Nashville is one of those cities that gets to feeling like a “really big small town” from the moment you set foot into a bar, restaurant or show. No matter who’s on the stage, or how big it might be, everybody seems to know each other to some extent, especially the musicians. Most would probably argue that Nashville is the way it is because of the tight community of country music lovers, makers and rule breakers. Of all the best rule breakers out there, famous or not, Nashville has a knack for finding the prime spot to fit whoever wants to be a part of it all. From the likes of Garth Brooks and Dolly Parton to the street buskers and bar show performers, there is something about Country music that draws creators from all walks of life to the area. Of all the musicians that have taken a trip or two to Nashville, we here at Nashville Bar Bike were allowed the immense pleasure of an interview with a man who traveled here once with the dream to start a Rockabilly band.
Justin Curtis is a Rockabilly Cowboy from Canada who, in 1987 made the decision to trek over to Nashville and get his band together. This was before you could just connect with other creators over the internet, a hand shake was your first impression and best resource in this scene and Justin was intent on making the right connections. Upon arriving in the city, he set out to do just that and then did. When he first wandered into Ernest Tubb record shop (as any Honky Tonk fan would) to fill out a job application, Justin was completely unaware of having shaken hands with the shop’s owner, David McCormick. Hired on the spot and ready to explore everything that Ernest Tubb had to offer, he began to make brand new connections with not just other people within the community, but Country Music itself. According to Mr. Curtis, Ernest Tubb Record Shop was like “the library of congress, but of country music” in the sense that you just could not find these recordings anywhere else. To this very day and for what we can assume will be the rest of eternity as we know it, Ernest Tubb Record Shop has been running a mail order service that is unmatched by any of it’s kind. Since 1947, this haven for Western music lovers has been serving all ends of the musical spectrum, performers and audience members alike. Safe to say that the Ernest Tubb Record Shop has been, and always will be, a major participant in the making and upkeep of Nashville as we know it.
Now, if you’ve never been to Ernest Tubb Record Shop, you might not know that it is located right down the street from the original home of the Grand Ole Opry, the Ryman Auditorium. If you’ve been in recent years, you know that tours are available, allowing guests to even stand in the middle of that infamous stage who has housed everyone from Mae West to Johnny Cash at some point throughout history. Back in 1987, when Justin first arrived to the area, that section of Broadway Street was not what we know it to be now. Right at the end of a pretty dark era, the Ryman Auditorium was less than exciting to look at, generally falling apart and dangerous. After the opening of the official Grand Ole Opry House in Opryland in 1974, the Ryman Auditorium was almost put up for demolition, but managed to remain standing as a historic and religious landmark. According to Justin, and extensive research on the topic, people just don’t want to talk about those days in Nashville. Whether it be the adult stores lining lower Broadway, or businesses of the past that didn’t make it or buildings left to rot in an area that seemed destined for disaster. Searching for photos from Broadway Street’s past, specifically between 1987-1993 is not so easy, despite there being a vast amount of content available from years before and after what could easily be labeled as the “Dark Days” of Downtown Nashville.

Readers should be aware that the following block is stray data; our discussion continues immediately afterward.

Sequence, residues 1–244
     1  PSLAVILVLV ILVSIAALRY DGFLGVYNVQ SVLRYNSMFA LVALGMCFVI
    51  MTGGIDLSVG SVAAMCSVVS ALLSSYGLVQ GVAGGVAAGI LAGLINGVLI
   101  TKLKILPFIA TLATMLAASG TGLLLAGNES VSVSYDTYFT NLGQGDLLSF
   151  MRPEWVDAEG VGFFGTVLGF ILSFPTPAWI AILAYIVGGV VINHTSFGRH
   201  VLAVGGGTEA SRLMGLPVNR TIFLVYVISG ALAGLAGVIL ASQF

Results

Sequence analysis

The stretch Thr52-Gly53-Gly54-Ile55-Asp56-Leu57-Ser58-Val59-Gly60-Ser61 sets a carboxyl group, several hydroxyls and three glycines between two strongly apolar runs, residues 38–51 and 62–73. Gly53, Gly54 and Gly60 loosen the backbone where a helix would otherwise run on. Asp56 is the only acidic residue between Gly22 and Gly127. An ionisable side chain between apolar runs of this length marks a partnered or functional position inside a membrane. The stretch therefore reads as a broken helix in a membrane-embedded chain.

Justin Curtis could not have picked a better time to be stuck (graciously) behind the counter, or in front of it playing a show, you never really could be sure of what was going on at Ernest Tubb back then, or even now. Along with being known for hosting the second longest running radio program in history (and of course, still producing the content regularly) the Ernest Tubb Record Shop has always done more than catalog the great records, they provide a stage for the not-so-well-knowns to find each other. Throughout the years that Justin worked for this hodge podge of Honky Tonk bliss, he claims to have been told all the best stories, even if they weren’t true, he got to hear them straight from the mouths of those who were happy to share. But what made his stance behind the window of Ernest Tubb’s truly incredible had less to do with the people he met, despite being able to put together his first band “Justin Curtis and 2Fast” and more to do with downtown Nashville and what was about to happen.
With the original Opry Stage being considered for demolition, Opryland in full swing with tourists and musicians visiting constantly, Broadway Street was closer to an end than could ever be thought of the area if you’re walking around now. Justin Curtis and 2Fast set out to make it big in Nashville, in spite the area being less than attractive to anyone who wasn’t actually from the area, working alongside the destruction. Country Music really appeared to be what was keeping this chunk of paradise from going under completely. Whether it be Robert’s Western World or Gruhn’s Guitars, the Country and Western Music Scene was not going to go down without a fight. Justin’s band played at hundreds of little bars in the area, some like Buddy’s Hobo, Buffy’s Tavern and Pan’s Starship Troopers, just to mention a few. Even Ace Of Clubs, which later become known as Bar Nashville was happy to host Justin Curtis and 2Fast at one time. If you can think of the bar, they probably graced a stage once or twice, despite never making it to play at the Grand Ole Opry.